By msmash from Slashdot's aggressive-expansion department
Amazon is finally bringing Alexa to the hotel room. The e-commerce giant announced Tuesday the launch of Alexa for Hospitality, a specialized version of the voice assistant that integrates into popular hotel software systems for guest services. From a report: Housed inside of an Echo device, Alexa for Hospitality is functionally identical to the Alexa used in homes, except tailored to a hotel's service options. Guests can tell Alexa to order room service, book a spa appointment, call for housekeeping, provide directions, or play music in their room, for example. On the privacy side, Amazon said hotels will not have access to voice recordings of Alexa interactions or responses, and recordings of Alexa commands are remotely wiped when the guest checks out of the hotel. However, hotels can use Alexa for Hospitality to "measure engagement through analytics and adapt services based on guest feedback," Amazon said. Alexa for Hospitality is available to hotels, vacation rentals, and other hospitality providers starting today, with Marriott International signed up to deploy the service across its hotel portfolio this summer.Read Replies (0)
By msmash from Slashdot's musical-chair department
BitTorrent, an early mover (and currently the largest player) in decentralised computing architecture to distribute and store data, is being sold for $140 million in cash to Justin Sun and his blockchain media startup Tron, TechCrunch has learned. From a report: Variety yesterday reported that a sale of the company to Sun closed last week, without naming a price, following rumors that circulated for at least a month that the two were in negotiations. Shareholders have now been sent the paperwork to sign off on the deal, and that has detailed the $140 million price. Some are, we understand, still disputing the terms, as more than one person claims to have made the introduction between Sun and BitTorrent. A source says it's unlikely that the disputes will actually kill the acquisition, given how long BitTorrent has been looking for a buyer. BitTorrent most recently said it has about 170 million users of its products.Read Replies (0)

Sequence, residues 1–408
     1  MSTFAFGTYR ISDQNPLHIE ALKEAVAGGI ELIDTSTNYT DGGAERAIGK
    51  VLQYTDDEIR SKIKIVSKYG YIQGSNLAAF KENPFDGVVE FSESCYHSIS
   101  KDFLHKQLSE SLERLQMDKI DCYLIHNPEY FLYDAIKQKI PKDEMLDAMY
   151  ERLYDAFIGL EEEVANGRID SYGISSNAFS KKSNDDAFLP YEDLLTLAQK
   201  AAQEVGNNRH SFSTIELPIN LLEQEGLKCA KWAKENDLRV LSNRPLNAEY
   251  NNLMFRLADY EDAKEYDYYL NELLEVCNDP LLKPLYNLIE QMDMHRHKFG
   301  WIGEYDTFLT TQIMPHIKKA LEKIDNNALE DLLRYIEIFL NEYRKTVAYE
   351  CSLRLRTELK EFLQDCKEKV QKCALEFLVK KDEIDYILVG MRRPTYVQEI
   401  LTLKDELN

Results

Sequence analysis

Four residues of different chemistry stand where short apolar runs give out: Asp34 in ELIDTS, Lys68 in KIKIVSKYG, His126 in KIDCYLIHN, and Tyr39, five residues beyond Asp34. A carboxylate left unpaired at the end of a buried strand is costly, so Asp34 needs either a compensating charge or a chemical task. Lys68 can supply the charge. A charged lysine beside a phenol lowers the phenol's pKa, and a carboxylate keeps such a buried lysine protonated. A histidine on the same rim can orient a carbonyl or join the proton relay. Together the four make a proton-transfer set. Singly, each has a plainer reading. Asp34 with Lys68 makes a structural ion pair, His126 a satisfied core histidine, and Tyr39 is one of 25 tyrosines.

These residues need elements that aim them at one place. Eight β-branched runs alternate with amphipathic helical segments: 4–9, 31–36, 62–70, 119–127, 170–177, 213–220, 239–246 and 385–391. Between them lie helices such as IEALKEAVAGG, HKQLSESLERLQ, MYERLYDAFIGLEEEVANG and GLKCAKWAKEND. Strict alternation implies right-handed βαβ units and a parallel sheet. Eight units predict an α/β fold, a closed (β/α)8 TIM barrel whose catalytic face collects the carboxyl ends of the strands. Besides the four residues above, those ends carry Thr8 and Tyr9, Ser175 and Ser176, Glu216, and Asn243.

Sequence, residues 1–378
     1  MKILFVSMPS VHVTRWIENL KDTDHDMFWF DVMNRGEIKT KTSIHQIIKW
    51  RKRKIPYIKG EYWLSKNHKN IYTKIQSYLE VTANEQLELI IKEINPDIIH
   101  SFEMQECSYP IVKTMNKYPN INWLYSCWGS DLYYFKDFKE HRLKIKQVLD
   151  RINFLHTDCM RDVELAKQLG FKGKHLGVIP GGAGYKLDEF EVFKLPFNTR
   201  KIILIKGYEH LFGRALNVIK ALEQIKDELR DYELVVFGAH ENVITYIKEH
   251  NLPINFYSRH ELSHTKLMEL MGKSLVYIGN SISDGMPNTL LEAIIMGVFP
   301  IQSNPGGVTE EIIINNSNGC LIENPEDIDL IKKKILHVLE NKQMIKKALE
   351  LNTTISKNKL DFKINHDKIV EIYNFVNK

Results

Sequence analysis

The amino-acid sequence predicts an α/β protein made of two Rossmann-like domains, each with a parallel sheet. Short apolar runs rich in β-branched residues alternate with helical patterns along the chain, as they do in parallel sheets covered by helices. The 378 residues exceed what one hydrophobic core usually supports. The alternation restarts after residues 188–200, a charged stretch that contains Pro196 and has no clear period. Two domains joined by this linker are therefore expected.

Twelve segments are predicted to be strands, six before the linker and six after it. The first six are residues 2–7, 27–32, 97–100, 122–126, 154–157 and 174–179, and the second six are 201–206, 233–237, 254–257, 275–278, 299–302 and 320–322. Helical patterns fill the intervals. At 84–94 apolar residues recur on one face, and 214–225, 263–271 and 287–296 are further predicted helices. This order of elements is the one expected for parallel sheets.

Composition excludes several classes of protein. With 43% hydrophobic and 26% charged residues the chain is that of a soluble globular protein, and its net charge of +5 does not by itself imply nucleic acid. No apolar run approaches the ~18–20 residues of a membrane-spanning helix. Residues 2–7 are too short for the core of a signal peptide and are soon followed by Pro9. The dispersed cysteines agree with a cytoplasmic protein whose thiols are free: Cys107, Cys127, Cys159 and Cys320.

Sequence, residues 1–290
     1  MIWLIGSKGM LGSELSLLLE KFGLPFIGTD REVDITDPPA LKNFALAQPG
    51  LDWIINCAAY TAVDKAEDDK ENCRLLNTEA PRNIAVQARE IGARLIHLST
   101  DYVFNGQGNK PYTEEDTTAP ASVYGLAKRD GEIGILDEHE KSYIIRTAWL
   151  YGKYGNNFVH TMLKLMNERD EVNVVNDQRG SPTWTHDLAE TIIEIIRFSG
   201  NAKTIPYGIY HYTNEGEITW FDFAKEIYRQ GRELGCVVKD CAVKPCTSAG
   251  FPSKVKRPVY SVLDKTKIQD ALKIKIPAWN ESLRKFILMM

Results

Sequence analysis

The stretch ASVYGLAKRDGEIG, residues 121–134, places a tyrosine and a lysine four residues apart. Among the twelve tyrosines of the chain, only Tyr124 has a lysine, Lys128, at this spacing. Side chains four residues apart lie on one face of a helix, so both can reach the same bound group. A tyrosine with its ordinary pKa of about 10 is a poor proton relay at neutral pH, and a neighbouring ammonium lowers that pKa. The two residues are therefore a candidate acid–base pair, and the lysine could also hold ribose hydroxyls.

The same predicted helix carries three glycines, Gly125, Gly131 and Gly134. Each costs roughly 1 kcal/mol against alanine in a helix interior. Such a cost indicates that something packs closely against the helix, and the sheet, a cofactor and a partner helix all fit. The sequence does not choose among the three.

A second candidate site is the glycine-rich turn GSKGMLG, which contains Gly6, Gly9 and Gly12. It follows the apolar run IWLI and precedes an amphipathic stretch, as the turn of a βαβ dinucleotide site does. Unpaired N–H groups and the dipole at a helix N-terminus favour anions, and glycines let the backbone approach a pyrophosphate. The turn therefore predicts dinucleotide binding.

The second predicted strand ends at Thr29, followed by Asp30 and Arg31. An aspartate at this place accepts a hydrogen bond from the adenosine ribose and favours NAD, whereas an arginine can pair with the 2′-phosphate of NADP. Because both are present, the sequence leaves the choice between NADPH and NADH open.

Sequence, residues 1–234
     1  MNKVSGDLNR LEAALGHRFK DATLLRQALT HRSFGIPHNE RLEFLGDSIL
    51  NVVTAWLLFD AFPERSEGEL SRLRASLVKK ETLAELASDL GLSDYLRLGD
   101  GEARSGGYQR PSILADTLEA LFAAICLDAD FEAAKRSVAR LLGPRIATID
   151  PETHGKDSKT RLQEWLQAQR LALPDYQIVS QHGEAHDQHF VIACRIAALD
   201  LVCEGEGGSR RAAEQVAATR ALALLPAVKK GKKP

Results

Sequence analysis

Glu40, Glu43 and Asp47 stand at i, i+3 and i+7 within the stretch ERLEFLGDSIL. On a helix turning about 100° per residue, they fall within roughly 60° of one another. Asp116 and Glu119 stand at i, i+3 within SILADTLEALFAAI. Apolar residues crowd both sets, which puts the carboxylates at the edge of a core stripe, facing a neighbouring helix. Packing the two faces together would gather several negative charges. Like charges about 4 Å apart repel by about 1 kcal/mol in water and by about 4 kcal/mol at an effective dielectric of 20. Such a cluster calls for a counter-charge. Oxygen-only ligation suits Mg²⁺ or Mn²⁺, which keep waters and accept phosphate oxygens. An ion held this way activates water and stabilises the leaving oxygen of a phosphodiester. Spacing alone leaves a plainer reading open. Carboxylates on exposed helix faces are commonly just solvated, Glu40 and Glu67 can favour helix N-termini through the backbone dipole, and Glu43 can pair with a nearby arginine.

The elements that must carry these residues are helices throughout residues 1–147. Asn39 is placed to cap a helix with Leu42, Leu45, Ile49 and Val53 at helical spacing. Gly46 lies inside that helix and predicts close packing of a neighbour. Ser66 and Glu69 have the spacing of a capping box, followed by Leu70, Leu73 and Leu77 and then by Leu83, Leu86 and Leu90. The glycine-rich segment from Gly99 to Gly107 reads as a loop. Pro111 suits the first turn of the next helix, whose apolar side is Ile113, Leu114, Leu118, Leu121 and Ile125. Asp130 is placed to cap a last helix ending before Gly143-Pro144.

By msmash from Slashdot's changing-course department
Verizon is pledging to stop sales through intermediaries of data that pinpoints the location of mobile phones to outside companies, the Associated Press reported Tuesday. From the report: It is the first major U.S. wireless carrier to step back from a business practice that has drawn criticism for endangering privacy. The data has allowed outsiders to track wireless devices without their owners' knowledge or consent. Verizon, the nation's largest mobile carrier measured by subscribers, said that about 75 companies have obtained its customer data from two little-known California-based brokers that it supplies directly -- LocationSmart and Zumigo. The company made its disclosure in a letter to Sen. Ron Wyden, an Oregon Democrat who has been probing the phone location-tracking market. Last month, Wyden revealed abuses in the lucrative but loosely regulated field involving Securus Technologies and its affiliate 3C Interactive. Verizon says their contract was approved only for the location tracking of outside mobile phones called by prison inmates. After a thorough review of its program, Verizon notified LocationSmart and Zumigo, both privately held, that it intends to "terminate their ability to access and use our customers' location data as soon as possible," wrote Verizon's chief privacy officer, Karen Zacharia.Read Replies (0)